I try to not have expectations of my friends, because I don’t think its fair to. I’d like to think that I’ve chosen wisely and surrounded myself with people that would make the choice to step up when they can – and haven’t felt alone or disappointed yet.

My love language is time and words of affirmation. So those are things that will most easily reach my heart.

On to question 4. The journey continues.

 

A Little Friendly Research Part 1

Friendships have been on my mind lately.

Who has them? How do they work? What makes a good one?

Instead of providing my viewpoint, I asked you a series of questions.

A big thank you to all who courageously hit reply.

Question 1: What are the best attributes of your good friends?

They are funny, encouraging, and engaging.

They listen to listen, not to reply.

They are always good listeners when I need it, comic relief, and supportive.

They laugh at themselves and at me.

They like to laugh and to play and are wickedly funny in a way that’s not always appropriate.

Integrity, safety/security (based on trust, understanding, compassion, and forgiveness), humor, honesty.

Being there for each other emotionally and spiritually and being a great ear and supporting.

They ask me how my soul is on regular basis.

They listen, ask questions, and show genuine interest/concern in others.

They ask good questions and are ok if I have to not respond for a while.

They’re willing to be real – authentic, vulnerable and open.

They are consistent.

They value friendship and are willing to work through distance, conflicts, etc.

They cheer me on to do the things that scare me most.

They are kind, encouraging, and they try to keep a positive outlook.

We can always “pick up where we left off” no matter how much time has passed since we’ve seen each other in person.

Will accept you for who you are but will call you out when you are being stupid.

They are ready to offer a shoulder to cry on or boot up my ass and aren’t afraid to ask me which one I need most.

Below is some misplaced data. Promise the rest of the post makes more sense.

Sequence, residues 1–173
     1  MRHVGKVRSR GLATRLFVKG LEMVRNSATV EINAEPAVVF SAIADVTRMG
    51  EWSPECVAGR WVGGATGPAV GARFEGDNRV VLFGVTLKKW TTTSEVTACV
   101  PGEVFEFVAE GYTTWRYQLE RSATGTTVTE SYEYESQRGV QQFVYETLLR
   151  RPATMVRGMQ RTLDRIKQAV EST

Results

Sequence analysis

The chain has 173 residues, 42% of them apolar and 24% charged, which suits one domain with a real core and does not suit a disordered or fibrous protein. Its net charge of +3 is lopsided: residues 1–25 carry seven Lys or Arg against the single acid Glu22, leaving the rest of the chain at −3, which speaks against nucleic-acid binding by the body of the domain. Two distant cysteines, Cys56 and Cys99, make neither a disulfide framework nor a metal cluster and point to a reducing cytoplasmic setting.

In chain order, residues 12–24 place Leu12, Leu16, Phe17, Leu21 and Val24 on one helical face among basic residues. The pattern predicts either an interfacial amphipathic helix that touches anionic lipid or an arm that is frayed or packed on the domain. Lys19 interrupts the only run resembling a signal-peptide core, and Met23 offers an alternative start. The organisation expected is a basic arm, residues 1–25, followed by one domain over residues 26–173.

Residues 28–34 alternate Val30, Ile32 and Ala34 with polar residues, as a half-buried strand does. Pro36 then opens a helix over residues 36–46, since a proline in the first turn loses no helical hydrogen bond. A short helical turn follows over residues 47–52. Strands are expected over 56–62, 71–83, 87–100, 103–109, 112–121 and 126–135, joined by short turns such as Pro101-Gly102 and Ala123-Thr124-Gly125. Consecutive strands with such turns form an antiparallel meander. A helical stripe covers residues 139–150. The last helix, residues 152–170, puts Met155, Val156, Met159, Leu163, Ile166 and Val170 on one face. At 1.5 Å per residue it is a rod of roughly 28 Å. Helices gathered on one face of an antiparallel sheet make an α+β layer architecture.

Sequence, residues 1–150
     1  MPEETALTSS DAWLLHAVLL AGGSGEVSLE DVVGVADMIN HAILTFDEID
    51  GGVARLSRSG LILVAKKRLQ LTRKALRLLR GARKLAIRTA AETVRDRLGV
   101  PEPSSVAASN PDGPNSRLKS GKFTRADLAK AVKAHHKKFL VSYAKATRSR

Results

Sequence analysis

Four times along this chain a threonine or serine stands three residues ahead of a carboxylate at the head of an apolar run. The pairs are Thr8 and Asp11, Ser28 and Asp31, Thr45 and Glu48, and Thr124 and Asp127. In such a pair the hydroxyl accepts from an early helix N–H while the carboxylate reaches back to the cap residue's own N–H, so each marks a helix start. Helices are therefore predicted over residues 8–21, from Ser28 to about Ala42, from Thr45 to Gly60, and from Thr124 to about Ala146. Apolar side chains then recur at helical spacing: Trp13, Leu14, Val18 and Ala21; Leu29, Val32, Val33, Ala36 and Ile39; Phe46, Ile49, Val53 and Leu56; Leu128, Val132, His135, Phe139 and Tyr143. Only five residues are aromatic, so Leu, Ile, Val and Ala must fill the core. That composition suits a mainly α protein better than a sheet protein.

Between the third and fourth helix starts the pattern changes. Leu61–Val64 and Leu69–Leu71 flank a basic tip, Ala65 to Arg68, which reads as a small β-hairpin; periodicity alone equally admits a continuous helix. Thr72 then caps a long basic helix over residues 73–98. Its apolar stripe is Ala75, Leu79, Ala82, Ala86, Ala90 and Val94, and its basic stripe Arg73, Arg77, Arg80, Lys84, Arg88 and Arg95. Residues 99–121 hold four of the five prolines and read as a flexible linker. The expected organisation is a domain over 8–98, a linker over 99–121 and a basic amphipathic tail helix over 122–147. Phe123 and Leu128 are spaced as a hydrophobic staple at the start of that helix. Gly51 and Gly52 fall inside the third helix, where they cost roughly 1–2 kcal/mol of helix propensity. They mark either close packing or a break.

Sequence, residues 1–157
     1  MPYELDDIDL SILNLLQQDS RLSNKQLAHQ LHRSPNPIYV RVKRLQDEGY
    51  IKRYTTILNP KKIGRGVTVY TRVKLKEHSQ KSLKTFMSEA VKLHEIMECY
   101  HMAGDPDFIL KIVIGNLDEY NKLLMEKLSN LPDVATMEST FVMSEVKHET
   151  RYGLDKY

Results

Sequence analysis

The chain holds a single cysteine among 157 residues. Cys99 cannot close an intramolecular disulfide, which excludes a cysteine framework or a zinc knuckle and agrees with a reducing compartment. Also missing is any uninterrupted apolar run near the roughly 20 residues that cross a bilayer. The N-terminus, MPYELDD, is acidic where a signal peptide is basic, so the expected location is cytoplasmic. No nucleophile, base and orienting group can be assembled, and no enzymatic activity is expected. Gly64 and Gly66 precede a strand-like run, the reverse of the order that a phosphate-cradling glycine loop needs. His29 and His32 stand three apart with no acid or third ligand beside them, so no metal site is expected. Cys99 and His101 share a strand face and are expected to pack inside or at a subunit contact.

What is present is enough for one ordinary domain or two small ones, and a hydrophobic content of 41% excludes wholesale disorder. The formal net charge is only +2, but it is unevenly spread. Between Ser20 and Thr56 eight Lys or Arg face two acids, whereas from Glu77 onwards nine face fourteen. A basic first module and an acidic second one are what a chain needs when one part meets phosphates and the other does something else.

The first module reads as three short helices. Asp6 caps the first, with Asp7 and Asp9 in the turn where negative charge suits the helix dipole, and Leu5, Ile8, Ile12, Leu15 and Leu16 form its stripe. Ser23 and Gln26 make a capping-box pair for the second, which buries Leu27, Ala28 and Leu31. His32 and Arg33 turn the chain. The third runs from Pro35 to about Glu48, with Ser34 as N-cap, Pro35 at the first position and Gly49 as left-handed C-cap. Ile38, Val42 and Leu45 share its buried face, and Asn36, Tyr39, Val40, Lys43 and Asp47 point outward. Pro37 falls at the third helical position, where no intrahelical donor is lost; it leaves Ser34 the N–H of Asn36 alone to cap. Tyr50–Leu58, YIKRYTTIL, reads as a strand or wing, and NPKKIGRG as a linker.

We can shift conversations from the deep places to the hilarious and irreverent and back again and not lose our way.

I think all relationships exist on a continuum with the shallow/superficial at one end and the secret at the other. What makes a friendship close is the ability to go from one end to the other, sometimes in the same conversation. Between the two endpoints are additional points—the silly, the serious, the sacred, the sacredly silly. Note: I’m pretty sure the continuum isn’t just populated with words that begin with s.

Again thank you for being part of this experiment. You didn’t have to, but maybe there was a lesson in that simple act of replying.

There were 8 more questions. And the answers just keep getting better and better.

Swords Up

Arwen-LOTR

We watched epic movies together, and it felt like a journey and perhaps reminded us of our own Hero’s Journey.

During the years while the original movies were playing, this same group of close friends would chat via various messaging programs (texting wasn’t as cool back then) and it provided a way to connect. We would leave small words of encouragement, or check in when we knew one of the others were struggling.

But (yes it is a little goofy) we would also periodically change our picture or icon to represent one of the Lord of the Rings characters that resonated with us. When we knew that there were specific obstacles, resistance, or doubt one of us would type:

Swords Up!

And all the icons or pictures would change. They were the same characters, but this time wielding a sword.

Legolas

As I drove home from my meeting the other day when the Lord of the Rings soundtrack was playing, I remembered those two words: Swords Up.

eowyn

Those swords were a show of protection, defense, and willingness to fight alongside each other.

If Joseph Campbell is right, great stories are pretty much the same and give us a glimpse of the life we are capable of leading. And maybe, just maybe it is friends who are willing to put their Swords Up for and with you that make all the difference.

Thanks Friends, and for old times sake: Swords Up!

Sword

Go Live

While savoring both the conversation and the breakfast with a close friend, we discussed our lives as well as writing.

When, how, why, and what do we write?

How do ideas develop?

What makes something worth reading?

What do you do when ideas do not come?

How does that concept sit still for so long, then all at once it shouts at you to be put out into the universe?

I had a revelation and shared it with my friend.

“I realized recently that when I am getting writers block or feel stuck, it is the result of not really living life. Those times when I cannot seem to write are the exact moments when I am more closed off to others, not engaged, or distracted by the pressures of life.”

My friend’s advice?

Go Live.